The IRS has released the 2017 optional standard mileage rates that employees, self-employed individuals, and other taxpayers can use to compute deductible costs of operating automobiles (including vans, pickups and panel trucks) for business, medical, moving and charitable purposes. The updated rates are effective for deductible transportation expenses paid or incurred on or after January 1, 2017, and for mileage allowances or reimbursements paid to, or transportation expenses paid or incurred by, an employee or a charitable volunteer on or after January 1, 2017.


The Surface Transportation Act of 2015: Tax Provisions (enacted on Jul. 31, 2015) provided for major changes in certain tax return deadlines. To allow for a transition period for taxpayers to adjust to the new due dates, the new filing deadlines carried a delayed effective date: for tax returns for tax years starting on or after January 1, 2016. As a result, the upcoming 2017 filing season is the first year these changes will take place.


The IRS's streamlined offer-in-compromise (OIC) program is intended to speed up the processing of OICs for qualified taxpayers. Having started in 2010, the streamlined OIC program is relatively new. The IRS recently issued instructions to its examiners, urging them to process streamlined OICs as expeditiously as possible. One recent survey estimates that one in 15 taxpayers is now in arrears on tax payments to the IRS to at least some degree.  Because of continuing fallout from the economic downturn, however, the IRS has tried to speed up its compromise process to the advantage of both hard-pressed taxpayers and its collection numbers.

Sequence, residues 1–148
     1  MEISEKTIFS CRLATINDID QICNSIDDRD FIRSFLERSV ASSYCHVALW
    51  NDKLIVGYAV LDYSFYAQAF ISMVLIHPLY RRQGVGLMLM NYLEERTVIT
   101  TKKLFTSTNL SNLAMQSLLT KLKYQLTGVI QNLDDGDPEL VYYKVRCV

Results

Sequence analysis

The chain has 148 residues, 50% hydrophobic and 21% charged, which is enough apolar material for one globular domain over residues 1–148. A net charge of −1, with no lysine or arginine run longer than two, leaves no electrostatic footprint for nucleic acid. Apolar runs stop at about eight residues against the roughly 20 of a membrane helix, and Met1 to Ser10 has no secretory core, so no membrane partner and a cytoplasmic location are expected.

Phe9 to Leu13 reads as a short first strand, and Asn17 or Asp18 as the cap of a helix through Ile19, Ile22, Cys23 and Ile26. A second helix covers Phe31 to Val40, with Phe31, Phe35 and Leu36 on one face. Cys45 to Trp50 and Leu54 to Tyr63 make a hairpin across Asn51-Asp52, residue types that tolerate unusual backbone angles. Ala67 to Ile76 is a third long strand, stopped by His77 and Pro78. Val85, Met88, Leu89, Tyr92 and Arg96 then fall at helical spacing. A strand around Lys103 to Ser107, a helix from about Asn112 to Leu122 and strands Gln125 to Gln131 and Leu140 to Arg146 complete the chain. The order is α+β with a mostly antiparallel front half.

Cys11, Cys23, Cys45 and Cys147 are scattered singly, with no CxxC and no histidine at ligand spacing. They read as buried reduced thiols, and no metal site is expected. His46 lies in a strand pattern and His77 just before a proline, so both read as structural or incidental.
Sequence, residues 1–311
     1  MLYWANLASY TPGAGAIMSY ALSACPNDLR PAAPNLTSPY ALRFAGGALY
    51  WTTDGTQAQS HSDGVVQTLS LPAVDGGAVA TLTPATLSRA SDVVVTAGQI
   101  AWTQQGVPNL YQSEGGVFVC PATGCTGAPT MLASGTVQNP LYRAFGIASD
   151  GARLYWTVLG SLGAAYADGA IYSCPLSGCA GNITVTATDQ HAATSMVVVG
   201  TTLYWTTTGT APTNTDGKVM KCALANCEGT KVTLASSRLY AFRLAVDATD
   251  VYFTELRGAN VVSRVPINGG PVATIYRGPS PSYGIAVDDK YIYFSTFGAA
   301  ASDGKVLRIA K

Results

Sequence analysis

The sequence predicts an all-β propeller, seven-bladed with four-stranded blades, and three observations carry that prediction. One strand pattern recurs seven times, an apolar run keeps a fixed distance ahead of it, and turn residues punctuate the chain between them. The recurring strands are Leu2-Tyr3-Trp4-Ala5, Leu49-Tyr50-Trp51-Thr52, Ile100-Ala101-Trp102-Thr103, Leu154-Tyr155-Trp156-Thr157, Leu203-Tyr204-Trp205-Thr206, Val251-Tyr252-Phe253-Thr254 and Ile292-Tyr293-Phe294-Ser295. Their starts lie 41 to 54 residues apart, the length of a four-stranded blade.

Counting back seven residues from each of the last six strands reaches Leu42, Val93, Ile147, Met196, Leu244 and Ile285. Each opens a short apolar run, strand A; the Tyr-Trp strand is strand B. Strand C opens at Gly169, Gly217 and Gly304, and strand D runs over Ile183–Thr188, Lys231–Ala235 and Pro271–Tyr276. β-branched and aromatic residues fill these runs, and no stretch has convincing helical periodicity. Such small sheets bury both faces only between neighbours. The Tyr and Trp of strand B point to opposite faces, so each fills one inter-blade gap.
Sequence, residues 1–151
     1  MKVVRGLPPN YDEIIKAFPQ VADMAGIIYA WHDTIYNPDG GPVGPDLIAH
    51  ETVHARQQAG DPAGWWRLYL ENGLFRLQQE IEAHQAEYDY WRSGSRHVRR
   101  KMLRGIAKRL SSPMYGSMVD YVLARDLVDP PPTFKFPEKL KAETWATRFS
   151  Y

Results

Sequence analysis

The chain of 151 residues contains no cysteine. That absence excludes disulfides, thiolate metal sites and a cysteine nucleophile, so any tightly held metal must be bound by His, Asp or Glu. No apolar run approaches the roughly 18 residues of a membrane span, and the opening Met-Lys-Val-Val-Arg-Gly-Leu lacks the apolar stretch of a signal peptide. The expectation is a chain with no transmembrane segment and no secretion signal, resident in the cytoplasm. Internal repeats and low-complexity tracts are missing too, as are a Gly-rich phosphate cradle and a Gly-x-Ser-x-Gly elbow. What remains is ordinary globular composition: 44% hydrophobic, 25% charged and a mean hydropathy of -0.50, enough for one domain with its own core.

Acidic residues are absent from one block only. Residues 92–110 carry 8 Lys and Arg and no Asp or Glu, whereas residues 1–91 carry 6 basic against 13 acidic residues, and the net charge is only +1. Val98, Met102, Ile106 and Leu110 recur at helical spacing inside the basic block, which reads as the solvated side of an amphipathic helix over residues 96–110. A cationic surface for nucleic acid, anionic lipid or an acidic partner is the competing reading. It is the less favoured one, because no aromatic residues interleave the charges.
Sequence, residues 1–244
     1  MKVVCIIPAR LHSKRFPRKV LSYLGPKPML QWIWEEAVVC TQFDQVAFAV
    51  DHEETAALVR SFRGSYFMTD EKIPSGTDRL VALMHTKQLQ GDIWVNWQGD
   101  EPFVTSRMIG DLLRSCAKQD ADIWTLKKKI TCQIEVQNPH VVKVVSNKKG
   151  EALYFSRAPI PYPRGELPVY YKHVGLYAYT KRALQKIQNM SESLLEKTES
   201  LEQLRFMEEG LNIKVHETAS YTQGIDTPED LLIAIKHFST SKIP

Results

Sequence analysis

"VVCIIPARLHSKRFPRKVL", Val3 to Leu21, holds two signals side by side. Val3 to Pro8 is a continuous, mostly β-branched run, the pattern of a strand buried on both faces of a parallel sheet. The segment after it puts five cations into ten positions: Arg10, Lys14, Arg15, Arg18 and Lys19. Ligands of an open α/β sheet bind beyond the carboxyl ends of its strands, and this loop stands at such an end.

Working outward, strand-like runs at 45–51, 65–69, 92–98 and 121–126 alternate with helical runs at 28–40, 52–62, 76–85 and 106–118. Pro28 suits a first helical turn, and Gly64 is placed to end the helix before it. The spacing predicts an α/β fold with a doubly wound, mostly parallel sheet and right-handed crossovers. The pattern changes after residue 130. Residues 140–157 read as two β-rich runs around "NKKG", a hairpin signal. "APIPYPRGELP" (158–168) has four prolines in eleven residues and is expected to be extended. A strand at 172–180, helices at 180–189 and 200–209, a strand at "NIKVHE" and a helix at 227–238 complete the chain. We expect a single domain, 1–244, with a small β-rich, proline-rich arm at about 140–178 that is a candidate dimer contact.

Many more retirees and others wanting guarantee income are looking into annuities, especially given the recent experience of the economic downturn. While the basic concept of an annuity is fairly simple, complex rules usually apply to the taxation of amounts received under certain annuity and life insurance contracts.

Most people are familiar with tax withholding, which most commonly takes place when an employer deducts and withholds income and other taxes from an employee's wages. However, many taxpayers are unaware that the IRS also requires payors to withhold income tax from certain reportable payments, such as interest and dividends, when a payee's taxpayer identification number (TIN) is missing or incorrect. This is known as "backup withholding."